Despite strong efforts, only 19% of employers believe their employees have a high level of understanding their benefits

 BROOKFIELD, WI – Educating employees about their benefits is a high priority for 65% of organizations—Nearly two in five organizations have budgets specifically devoted to benefits communication and 25% are planning to increase those budgets in 2016. The International Foundation of Employee Benefit Plans Benefits Communication Survey Results report revealed that, despite prioritizing benefits communication, only 19% of employers say their employees have a high level of understanding their benefits.

The reason employers say benefits understanding is so low is because most participants do not open/read materials (80% of organizations reported this), almost half don't understand the materials, and participants do not perceive value in their benefits (31%).

To bridge the understanding gap, employers are using various communication platforms to get the word out including: 

  • Educational materials printed and mailed to homes—89%
  • Email—73%
  • Printed and distributed on site—69%
  • Internal websites—66%
  • External websites—58%

Less than half of organizations use nontraditional communication platforms like video (29%), social media (23%), texts (10%), robocalls (9%) or games (7%). Organizations most commonly communicate to their employees about retirement (74%), health care (74%) and wellness/mental health (72%). ​

To further promote benefits education within their organization, employers are examining different delivery methods for communication materials and finding the highest success rates with:

  • Communicating by life stage (parental leave, retirement planning, etc.)–81% success
  • Year-round communication–79% success
  • Leveraging word of ​mouth by relying on their own employees to help spread the word–75% success
  • Communicating in multiple languages—74% success
  • Simplifying complicated benefits content—72% success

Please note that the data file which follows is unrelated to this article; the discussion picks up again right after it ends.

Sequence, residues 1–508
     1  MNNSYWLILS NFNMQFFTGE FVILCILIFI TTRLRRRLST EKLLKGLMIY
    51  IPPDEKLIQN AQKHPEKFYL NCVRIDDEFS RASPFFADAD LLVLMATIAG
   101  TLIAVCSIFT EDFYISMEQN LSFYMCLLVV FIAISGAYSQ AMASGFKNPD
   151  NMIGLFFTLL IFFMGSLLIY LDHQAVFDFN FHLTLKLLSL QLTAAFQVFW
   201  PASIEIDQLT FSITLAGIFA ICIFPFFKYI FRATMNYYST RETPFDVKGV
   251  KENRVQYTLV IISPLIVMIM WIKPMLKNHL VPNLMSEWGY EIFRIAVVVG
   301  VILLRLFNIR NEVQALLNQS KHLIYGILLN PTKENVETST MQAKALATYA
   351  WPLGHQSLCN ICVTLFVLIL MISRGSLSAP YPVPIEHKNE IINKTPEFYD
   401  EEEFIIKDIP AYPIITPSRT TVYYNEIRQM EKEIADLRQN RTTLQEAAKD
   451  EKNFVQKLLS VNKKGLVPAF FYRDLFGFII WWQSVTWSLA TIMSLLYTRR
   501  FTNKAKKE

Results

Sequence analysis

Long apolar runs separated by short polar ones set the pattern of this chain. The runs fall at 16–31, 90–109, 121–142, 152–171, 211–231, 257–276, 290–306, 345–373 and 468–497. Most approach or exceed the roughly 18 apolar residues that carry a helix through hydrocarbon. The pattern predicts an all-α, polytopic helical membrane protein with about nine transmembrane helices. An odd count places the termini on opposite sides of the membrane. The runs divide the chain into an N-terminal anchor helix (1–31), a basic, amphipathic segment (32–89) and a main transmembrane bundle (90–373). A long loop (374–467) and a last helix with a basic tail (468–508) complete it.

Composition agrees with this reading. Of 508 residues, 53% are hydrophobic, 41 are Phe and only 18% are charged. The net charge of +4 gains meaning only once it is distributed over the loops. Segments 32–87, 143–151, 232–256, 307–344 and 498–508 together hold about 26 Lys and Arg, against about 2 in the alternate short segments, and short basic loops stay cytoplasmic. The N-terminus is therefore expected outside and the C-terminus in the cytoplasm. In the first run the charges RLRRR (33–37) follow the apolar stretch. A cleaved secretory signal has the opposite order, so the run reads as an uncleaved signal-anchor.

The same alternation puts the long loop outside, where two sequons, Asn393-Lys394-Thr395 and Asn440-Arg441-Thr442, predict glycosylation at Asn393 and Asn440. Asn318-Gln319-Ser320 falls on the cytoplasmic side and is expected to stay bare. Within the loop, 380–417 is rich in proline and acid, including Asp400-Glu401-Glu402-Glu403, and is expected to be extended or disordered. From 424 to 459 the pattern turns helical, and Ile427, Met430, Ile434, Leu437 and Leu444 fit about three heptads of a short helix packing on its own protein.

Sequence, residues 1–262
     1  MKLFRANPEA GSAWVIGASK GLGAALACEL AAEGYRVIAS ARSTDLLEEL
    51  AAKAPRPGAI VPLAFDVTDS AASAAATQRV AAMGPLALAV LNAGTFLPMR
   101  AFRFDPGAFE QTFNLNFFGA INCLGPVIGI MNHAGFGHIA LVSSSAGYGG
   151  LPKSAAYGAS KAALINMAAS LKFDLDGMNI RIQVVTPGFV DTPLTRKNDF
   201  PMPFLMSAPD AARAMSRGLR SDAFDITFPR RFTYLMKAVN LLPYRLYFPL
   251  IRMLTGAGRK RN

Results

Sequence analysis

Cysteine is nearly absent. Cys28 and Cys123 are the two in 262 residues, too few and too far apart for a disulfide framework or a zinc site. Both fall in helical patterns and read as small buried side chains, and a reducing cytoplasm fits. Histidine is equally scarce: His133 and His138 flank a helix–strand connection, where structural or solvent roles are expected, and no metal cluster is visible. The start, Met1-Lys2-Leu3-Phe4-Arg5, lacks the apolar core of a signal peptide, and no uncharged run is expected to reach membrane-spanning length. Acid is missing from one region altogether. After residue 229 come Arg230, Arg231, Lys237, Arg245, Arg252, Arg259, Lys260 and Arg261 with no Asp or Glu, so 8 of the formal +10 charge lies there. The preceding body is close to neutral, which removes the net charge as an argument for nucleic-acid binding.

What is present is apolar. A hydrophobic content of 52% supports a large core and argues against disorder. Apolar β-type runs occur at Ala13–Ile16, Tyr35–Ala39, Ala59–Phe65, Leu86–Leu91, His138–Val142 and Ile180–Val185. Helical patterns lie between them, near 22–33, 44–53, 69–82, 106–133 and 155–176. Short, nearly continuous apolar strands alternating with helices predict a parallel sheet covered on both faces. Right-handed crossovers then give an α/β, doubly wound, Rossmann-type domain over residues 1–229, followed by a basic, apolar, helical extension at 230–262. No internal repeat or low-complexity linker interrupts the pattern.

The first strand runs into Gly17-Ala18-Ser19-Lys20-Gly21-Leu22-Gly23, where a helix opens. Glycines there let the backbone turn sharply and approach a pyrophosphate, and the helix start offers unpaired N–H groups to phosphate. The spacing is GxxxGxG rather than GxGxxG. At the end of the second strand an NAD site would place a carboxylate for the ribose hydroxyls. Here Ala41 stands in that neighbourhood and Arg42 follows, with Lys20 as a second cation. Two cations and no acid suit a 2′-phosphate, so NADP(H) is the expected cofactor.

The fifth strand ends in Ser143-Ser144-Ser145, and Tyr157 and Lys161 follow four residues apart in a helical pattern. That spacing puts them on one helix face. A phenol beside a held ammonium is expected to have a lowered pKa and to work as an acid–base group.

"Benefits are a vital part of employees' lives, in and out of the workplace," said Julie Stich, CEBS, research director at the International Foundation. "It's crucial that employees understand both their value and how they work. Employers see the need to simplify complicated benefits content, and to communicate in different languages and to multiple generations."

Moving forward, the top organizational goals for benefits communication are helping participants better understand and use their benefits (89%), getting individuals to understand the value of benefits (52%) and helping participants make smarter personal health and/or finance decisions (49%).

For more information and to read the full survey report, visit Survey responses were received from 341 members. Of the total, 264 or 77% of responses were from U.S. organizations (23% Canadian). Surveys were received from multiemployer benefit plans (42%), single-employers/corporations (35%) and public/governmental plans (23%).


The International Foundation of Employee Benefit Plans is the premier educational organization dedicated to providing the diverse employee benefits community with objective, solution-oriented education, research and information to ensure the health and financial security of plan beneficiaries worldwide. The Foundation has more than 33,000 multiemployer, corporate and public sector members representing over 25 million lives. For additional information, visit